E is for Eggplant


Research suggests that one legal way a family can reduce its carbon footprint is by getting rid of the dog. For me this seems a very large sacrifice as Tilly is a very cherished companion. So in a bid to keep the dog, and still have a conscience about the environment, I have been looking for beef replacers. Ingredients that I can substitute into meals normally requiring methane-producing beef.

Eggplant is an excellent option as the spongy texture of the vegetable soaks up flavours and allows you to coat it in whatever sauce you want.  Anyone who has tried eggplant moussaka, eggplant curry or eggplant parmagana will agree when with me that the versatility of this vegetable is only limited by your imagination.

Research into eggplant has also shown the presence of nasunin in the skin of the eggplant. Nasunin works to protect cell membranes from damage. In brain cell membranes this is especially important as strong cell membranes make us more capable of  receiving signals from messenger molecules.

Eggplant from an environmental perspective is difficult as 83% is farmed in India and China in monocrops and the vegetables tend to have a large quantity of pesticide residue.

As with most vegetables in today’s market searching for locally grown food to cut down on our carbon footprint and organic alternates is important.  Or, better yet, why not try growing this attractive vegetable at home?

Eggplants are best during Autumn. Look for eggplants that are firm and heavy for their size with vivid colour. Store the eggplants for 2-3 days in a vegetable crisper. Be careful with the skin as the eggplant will spoil if the skin is broken and can bruise easily.

For my eggplant recipe I have chosen a greek dish. This tomatoe and eggplant stew is best when served with bread,  rice or pasta. I added capsicum and zucchini as I had some I needed to use and this versatility is one of the reasons I adore this simple dish.

Serves 4


  • 1-1/4 pounds japanese eggplants or 1 italian eggplant, unpeeled
  • 1 to 2 tablespoons olive oil
  • 1 onion, chopped
  • 4 large cloves garlic, minced
  • salt
  • freshly ground pepper
  • 1 can diced tomatoes, (28-ounces) drained, juice reserved
  • 1 bay leaf
  • 1 teaspoon dried oregano
  • 2 tablespoons chopped parsley, preferably italian, optional.


Cut eggplant into 3/4- or 1-inch dice. Heat oil in heavy Dutch oven or large casserole. Add onion and sauté over medium heat 2 minutes. Stir in garlic. Add eggplant, salt and pepper to taste and cook, stirring, over low heat until eggplant is coated with onion mixture. Add tomatoes, 1/3 cup juice from tomatoes, bay leaf and oregano and cook over high heat, stirring, until bubbling. Cover and simmer over medium-low heat, stirring often, until eggplant is tender, about 20 minutes. Discard bay leaf. Taste and adjust seasoning.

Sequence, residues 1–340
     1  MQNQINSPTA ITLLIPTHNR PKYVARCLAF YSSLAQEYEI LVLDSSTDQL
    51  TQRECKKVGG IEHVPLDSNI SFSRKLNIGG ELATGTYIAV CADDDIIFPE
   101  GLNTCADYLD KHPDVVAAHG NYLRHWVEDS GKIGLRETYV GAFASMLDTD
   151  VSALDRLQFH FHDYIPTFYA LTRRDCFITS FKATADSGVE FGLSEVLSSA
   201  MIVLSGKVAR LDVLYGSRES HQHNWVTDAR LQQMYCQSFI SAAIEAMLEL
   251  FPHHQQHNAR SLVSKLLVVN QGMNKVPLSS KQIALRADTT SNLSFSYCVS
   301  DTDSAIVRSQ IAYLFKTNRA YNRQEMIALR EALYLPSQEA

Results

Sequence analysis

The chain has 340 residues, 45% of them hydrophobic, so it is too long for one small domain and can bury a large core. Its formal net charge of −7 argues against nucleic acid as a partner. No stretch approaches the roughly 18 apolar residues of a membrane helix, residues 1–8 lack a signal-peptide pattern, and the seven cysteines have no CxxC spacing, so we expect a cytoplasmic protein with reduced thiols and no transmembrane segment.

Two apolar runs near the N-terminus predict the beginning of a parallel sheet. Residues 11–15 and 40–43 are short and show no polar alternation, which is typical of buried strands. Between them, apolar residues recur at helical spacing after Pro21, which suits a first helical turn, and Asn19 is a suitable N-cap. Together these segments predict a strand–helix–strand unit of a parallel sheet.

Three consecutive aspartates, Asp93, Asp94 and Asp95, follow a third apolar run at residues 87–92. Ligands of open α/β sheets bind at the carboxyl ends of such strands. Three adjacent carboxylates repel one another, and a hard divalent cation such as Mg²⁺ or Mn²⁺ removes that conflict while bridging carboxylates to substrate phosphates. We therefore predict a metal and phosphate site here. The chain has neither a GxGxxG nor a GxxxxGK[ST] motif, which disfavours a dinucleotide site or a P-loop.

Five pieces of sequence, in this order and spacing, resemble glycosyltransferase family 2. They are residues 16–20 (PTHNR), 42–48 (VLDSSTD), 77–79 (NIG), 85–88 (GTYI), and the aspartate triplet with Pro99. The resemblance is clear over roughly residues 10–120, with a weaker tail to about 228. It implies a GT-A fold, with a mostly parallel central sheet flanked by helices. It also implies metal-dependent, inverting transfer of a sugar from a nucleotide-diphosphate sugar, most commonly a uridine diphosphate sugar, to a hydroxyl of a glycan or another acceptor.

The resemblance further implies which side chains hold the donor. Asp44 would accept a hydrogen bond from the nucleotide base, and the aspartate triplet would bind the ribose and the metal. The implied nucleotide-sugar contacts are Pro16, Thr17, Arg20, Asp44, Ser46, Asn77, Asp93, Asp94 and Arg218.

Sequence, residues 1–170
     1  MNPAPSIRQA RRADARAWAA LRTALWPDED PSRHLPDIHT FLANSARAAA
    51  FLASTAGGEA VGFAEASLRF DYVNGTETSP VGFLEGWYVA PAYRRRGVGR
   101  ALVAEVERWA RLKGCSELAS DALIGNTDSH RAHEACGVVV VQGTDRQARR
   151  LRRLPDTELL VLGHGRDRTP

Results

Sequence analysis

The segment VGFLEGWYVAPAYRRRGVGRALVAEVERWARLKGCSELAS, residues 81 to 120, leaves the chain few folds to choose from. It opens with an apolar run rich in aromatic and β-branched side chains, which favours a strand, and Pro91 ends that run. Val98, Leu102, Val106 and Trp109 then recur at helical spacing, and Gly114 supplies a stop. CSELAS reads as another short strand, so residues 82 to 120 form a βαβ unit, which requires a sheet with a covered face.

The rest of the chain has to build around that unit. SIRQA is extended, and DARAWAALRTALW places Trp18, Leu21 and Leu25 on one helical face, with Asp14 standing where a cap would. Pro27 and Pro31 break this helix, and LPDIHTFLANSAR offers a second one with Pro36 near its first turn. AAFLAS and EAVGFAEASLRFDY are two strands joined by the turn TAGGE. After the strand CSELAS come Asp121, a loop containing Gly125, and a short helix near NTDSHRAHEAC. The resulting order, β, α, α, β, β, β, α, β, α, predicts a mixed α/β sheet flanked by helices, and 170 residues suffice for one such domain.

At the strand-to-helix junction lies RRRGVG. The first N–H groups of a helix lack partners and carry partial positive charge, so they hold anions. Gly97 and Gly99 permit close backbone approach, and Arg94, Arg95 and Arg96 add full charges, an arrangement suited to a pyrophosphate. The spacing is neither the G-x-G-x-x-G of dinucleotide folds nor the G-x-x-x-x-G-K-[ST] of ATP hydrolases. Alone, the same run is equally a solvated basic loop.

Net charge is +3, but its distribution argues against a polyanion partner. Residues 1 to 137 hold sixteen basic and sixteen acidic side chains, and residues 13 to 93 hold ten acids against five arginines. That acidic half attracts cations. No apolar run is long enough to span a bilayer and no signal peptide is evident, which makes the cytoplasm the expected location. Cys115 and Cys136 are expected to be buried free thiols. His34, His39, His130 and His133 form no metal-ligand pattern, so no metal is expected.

Serve hot or cold, sprinkled with parsley.


D is for…Dates.


Dates, dates, the musical fruit. The more you eat the more you… Well, let’s hope it’s not strictly true. Dates are healthy. When researching for this article I was genuinely amazed at the sheer variety of health benefits associated with eating dates.  They contain Vitamin A, Potassium, Iron, and as it turns out, they are an excellent source of dietary fibre. This means we can ‘toot’ more regularly and subsequently reduce harm to our colon membrane.

Not only that, there are few raw ingredients that have such a rich sweetness. All in all this is terrific news for me as one of my favourite desserts is Sticky Date Pudding. The thought of a fluffy, spongy pudding, with the tart richness of a caramel sauce, is already making my mouth water.  For a  dessert  with such complex flavours it is very easy to make and even easier to reheat in an oven or microwave, not that you’ll need to.

Fresh dates can be found from August until December but dried dates are available all year round and both store well for months. When choosing dried dates they should not be rock hard. Fresh dates should have no crystallised sugar on their surface and have a smooth glossy skin.

Serves 6-8


  • 375g (13oz) pitted dates, chopped
  • 1 ½ teaspoons of bicarbonate soda (baking soda)
  • 1 teaspoon of grated ginger
  • 90g (3 ¼ oz) unsalted butter
  • 230g (8 oz/ 1 cup) caster (superfine) sugar
  • 3 eggs
  • 185g (6 ½ oz/ 1 ½ cups) self-raising flour
  • ½ teaspoon mixed spice
  • caramel sauce (see link below), to serve


Preheat the oven to 180°C (350°/Gas 4). Grease and line a deep 23cm ( 9 inch ) cake tin. Put the dates in a pan with 435ml (15fl oz/ 1 ¾ cups) water. Bring to the boil, then remove from the heat, add the bicarbonate of soda and ginger and leave to stand for 5 minutes. Cream together the butter, sugar and 1 egg. Beat in the remaining eggs, one at a time. Fold in the sifted flour and mixed spice, add the date mixture and stir until well combined. Pour into the tin and bake for 55-60 minutes, or until cooked through. Leave to stand for 5 minutes, then turn out onto a serving plate. Serve immediately with the caramel sauce and ice cream or cream.


For perfect caramel sauce I recommend this excellent blog by The Purple Foodie.